Digest>Archives> Jul/Aug 2022

Point Conception Light’s Shocking History

By Debra Baldwin


You can see an enlarged version of this picture by clicking here.
>> Click to enlarge <<
In 1947, the crew at the Point Conception ...

The August 17, 1948 Los Angeles Times newspaper headlines ran:

You can see an enlarged version of this picture by clicking here.
>> Click to enlarge <<
A linesman from Southern California Edison is ...

“POINT CONCEPTION LIGHT CHANGE-OVER BEING MADE. After 92 Years, Lighthouse Finds Out About Electricity. Point Conception’s Great Beacon Will Go Modern.”

You can see an enlarged version of this picture by clicking here.
>> Click to enlarge <<
Brand new power lines are finally installed at ...

The article, written by later-renowned Times columnist, critic and feature writer, Cecil Smith, proudly proclaimed that “the famous lighthouse at Point Conception is catching up with the 20th century – it is being converted to electricity.” That conversion had actually started a year earlier when the Southern California Edison Company set up utility poles and brought power cables to the keepers’ dwellings. But it would take until the following year before the illuminant in the light would finally be converted from the old-style kerosene incandescent oil vapor lamp to anything run by electricity.

You can see an enlarged version of this picture by clicking here.
>> Click to enlarge <<
Until the lens rotation and light could be ...

Known by its keepers as the “Dreadful Promontory of Desolation,” the Point Conception Lighthouse is only 14 miles as the crow flies from the nearest town of Lompoc, California; but a look on any satellite view of the wilderness terrain that lies in-between will confirm the reason for the moniker and show why it was the last California station to be electrified following the Edison Company’s difficult project to bring the power lines out that far.

You can see an enlarged version of this picture by clicking here.
>> Click to enlarge <<
Charles E. Hellwig (right) looks on while one of ...

According to the newspaper article, “Coast Guard workmen have replaced its squat brass kerosene burner with a 1500-watt electric globe. This is temporary. A new double-action electric system is being installed now. In its squat white tower where a grilled steel circular staircase rises to the light, a tiny whirring electric motor has already replaced the winch and cable and weight that for almost a century slowly turned the lens its seven and one-half revolutions an hour.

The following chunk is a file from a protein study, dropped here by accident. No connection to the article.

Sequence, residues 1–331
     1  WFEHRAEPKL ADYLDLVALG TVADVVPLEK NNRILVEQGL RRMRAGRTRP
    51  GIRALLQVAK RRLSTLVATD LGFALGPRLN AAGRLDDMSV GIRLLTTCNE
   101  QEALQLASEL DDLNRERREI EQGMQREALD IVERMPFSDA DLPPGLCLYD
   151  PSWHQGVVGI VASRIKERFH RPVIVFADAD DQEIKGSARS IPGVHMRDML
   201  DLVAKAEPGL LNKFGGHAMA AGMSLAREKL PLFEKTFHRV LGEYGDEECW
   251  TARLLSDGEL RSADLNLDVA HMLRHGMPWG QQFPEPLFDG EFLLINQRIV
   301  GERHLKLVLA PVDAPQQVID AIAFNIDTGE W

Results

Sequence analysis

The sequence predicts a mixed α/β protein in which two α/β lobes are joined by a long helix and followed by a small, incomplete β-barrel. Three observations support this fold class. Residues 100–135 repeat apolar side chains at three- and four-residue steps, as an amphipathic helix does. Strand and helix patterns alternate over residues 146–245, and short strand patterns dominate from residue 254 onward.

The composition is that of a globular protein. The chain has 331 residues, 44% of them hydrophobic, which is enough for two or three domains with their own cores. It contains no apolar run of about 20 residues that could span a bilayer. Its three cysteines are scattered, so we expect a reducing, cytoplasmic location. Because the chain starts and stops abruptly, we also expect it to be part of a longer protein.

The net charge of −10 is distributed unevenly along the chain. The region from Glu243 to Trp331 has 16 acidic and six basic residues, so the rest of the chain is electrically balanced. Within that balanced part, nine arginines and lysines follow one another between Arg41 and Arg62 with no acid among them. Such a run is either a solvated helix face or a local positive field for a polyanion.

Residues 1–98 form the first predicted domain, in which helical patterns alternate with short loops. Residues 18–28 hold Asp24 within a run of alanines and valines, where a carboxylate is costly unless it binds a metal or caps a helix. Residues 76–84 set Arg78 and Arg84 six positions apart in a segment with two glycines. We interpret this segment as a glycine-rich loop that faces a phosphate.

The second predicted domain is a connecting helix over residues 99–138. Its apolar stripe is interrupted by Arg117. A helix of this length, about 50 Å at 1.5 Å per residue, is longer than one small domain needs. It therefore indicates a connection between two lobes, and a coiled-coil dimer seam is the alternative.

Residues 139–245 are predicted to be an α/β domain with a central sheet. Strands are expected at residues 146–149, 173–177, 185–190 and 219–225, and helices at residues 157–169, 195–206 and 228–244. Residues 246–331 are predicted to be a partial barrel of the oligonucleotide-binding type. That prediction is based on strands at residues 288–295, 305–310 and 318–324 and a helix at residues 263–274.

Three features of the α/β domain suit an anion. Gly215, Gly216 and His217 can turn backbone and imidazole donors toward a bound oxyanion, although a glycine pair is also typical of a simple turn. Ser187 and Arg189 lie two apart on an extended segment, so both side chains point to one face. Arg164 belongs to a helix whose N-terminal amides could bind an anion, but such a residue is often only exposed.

You can see an enlarged version of this picture by clicking here.
>> Click to enlarge <<
Head keeper Charlie Hellwig shows off the ...

“And Charlie Hellwig, the grizzled, one-eyed lighthouse keeper says, ‘It’s a good thing. A lot less work. When they first built this light, they used sperm oil to light it. In the 10 years I have been here, we have been using kerosene. That gives us 143,000 candle power. Electricity will put us up to over a million. Of course, you don’t see it any farther. The horizon is 18 miles away—that’s as far as a ship sees the light. It will just increase the intensity.’

You can see an enlarged version of this picture by clicking here.
>> Click to enlarge <<
Charlie Hellwig shows how the fly wheels on the ...

“Charlie, who is 54, has been keeping lighthouses along the California coast for 17 years. He has been in charge at Point Conception for the last three. He stands down on the ledge the light is built on. 131 feet above the foaming, fretful water that lashes itself into a whirling fury as it rounds the point. A suntanned man, quick and agile, with a thin, twisting grin and a bright twinkle in his one good eye, bluer than the sea, he squints out at the sun-drenched ocean to where a blanket of fog lies blue-black about 10 miles off the coast.

You can see an enlarged version of this picture by clicking here.
>> Click to enlarge <<
The 1st order Fresnel lens shines brightly in the ...

“‘Little fog here,’ he says. ‘We get less than 500 hours a year. It lies off there. Black and ugly. But feel the wind. Whips up to 30, 35 knots nearly every afternoon here on the point. Seen it up to 70 knots and the waves piling in and breaking over the compressor building down there and the light itself. We couldn’t stand up and walk between the buildings. Had to crawl on all fours.

You can see an enlarged version of this picture by clicking here.
>> Click to enlarge <<
This photo, taken by BM1 Brittany Barlow of the ...

‘It’s a treacherous sea – under that sleek green, there’s jagged points of rock that can tear a ship’s guts out. The graveyard is really farther north, above Point Arguello. About 20 miles from here is where the squadron of destroyers cracked up in 1923 – and gave this section the name of Graveyard. That’s where the Harvard broke up.